Father Anthony Barbier in his visit to Dhaka in 1713 spent Christmas at the church in Narinda. But in 1789, the only church mentioned in documents was the one in Tejgaon, then a village four miles north of Dhaka's centre. Apparently, the church in Narinda had been deserted by this time and the activities had been shifted to Tejgaon. Nonetheless, the Portuguese settlers in Dhaka were still within proximity of the old church (present day Narinda-Laxmibazar area), as seen in the map of English geographer, historian and pioneer of oceanography Major James Rennell (1780), and identified by Dani. They had a factory there too—for trading purposes like other European trading communities—whose headquarters was there even in 1905, although in ruins by then, as described by Bradley-Birt (Francis Bradley Bradley-Birt, was an English member of the Indian Civil Service, who was stationed in Dhaka for a while and published The Romance of an Eastern Capital, his accounts of the city). Also depicted in the map is a Portuguese garden north of the Tejgaon church.

The Portuguese essentially paved the way for other European traders for doing business in Bengal. They were the first and as a result had to wrestle their way into Bengal, clashing not only with the Mughals, but also with Pathans and Arakanese. The two main reasons for their decline were: competition from other European trading powers, and the initial hostility between them and the Mughals. Other European powers started to receive firman (a grant or permit) for trading from the Mughals from the 1620s. Each European power wanted to create a monopolistic situation and the competition between them was toxic.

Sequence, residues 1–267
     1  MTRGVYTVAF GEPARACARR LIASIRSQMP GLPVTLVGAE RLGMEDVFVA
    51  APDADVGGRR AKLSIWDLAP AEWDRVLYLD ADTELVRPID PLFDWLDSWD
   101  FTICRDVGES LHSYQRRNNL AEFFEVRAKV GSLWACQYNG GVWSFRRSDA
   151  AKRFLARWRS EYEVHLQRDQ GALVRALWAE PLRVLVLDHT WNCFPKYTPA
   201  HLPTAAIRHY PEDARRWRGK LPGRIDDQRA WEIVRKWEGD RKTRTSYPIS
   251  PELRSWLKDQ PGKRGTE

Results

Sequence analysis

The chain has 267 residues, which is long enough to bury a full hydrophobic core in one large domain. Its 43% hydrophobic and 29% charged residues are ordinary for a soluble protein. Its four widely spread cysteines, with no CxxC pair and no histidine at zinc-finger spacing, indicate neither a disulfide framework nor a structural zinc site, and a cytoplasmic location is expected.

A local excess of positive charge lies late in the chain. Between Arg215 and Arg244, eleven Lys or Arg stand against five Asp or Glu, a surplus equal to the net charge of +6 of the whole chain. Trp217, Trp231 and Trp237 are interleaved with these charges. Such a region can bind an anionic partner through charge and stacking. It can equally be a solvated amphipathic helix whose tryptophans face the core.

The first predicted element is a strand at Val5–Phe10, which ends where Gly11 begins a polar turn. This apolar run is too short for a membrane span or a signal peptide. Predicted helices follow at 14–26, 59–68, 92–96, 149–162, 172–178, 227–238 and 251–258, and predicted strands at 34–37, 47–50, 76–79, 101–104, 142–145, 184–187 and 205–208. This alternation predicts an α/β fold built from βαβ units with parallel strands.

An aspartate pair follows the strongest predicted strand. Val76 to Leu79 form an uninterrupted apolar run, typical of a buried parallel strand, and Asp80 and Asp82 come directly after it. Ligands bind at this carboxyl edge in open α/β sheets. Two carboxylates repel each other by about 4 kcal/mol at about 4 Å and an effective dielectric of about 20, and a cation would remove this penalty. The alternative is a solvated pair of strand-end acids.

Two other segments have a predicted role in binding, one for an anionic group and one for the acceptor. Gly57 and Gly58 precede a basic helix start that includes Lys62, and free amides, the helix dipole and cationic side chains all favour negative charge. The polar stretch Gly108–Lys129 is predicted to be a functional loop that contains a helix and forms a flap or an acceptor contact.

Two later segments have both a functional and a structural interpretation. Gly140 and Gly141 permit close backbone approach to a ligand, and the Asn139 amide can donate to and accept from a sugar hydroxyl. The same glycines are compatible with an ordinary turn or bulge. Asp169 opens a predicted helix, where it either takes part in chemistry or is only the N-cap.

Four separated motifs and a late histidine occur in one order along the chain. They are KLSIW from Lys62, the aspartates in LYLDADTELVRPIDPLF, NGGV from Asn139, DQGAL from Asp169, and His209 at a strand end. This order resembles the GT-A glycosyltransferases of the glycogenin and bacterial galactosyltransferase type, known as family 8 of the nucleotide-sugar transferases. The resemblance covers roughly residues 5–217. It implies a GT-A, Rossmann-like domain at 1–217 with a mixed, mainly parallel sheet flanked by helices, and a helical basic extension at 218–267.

The siege and ransacking of Hugli in 1632 by the Mughals dealt a severe blow. After that, becoming an ally of the Mughals in 1665 proved to be fatal for the Portuguese, since the Mughals started losing power to the English in the eighteenth century. Moreover, when the Portuguese joined the Mughal army and naval forces, they had stopped raiding the coast of Bengal, and were even engaged in protecting their fellow countrymen from piracy and plunder. Most of them became merchants, and few became mercenaries. They were no longer a political or military force.

So after giving up their political entity and integrating as common men, they survived as tradesmen, even in eighteenth century Dhaka, as depicted in Rennell's map. But slowly, they lost their footing in business to others, first to the Dutch, then to the English, almost within a century (1665–1765). By the early eighteenth century they did not possess any real financial power to overthrow the Dutch of their trading supremacy in Bengal. It is unknown when the Portuguese factory was closed down in Dhaka, though their missionaries established another church in Dhaka district in 1815. These churches, the names of some places where they settled and the epitaphs in the cemeteries are the last traces of the Portuguese in Dhaka.

Dhrubo Alam is a research associate at the Bengal Institute.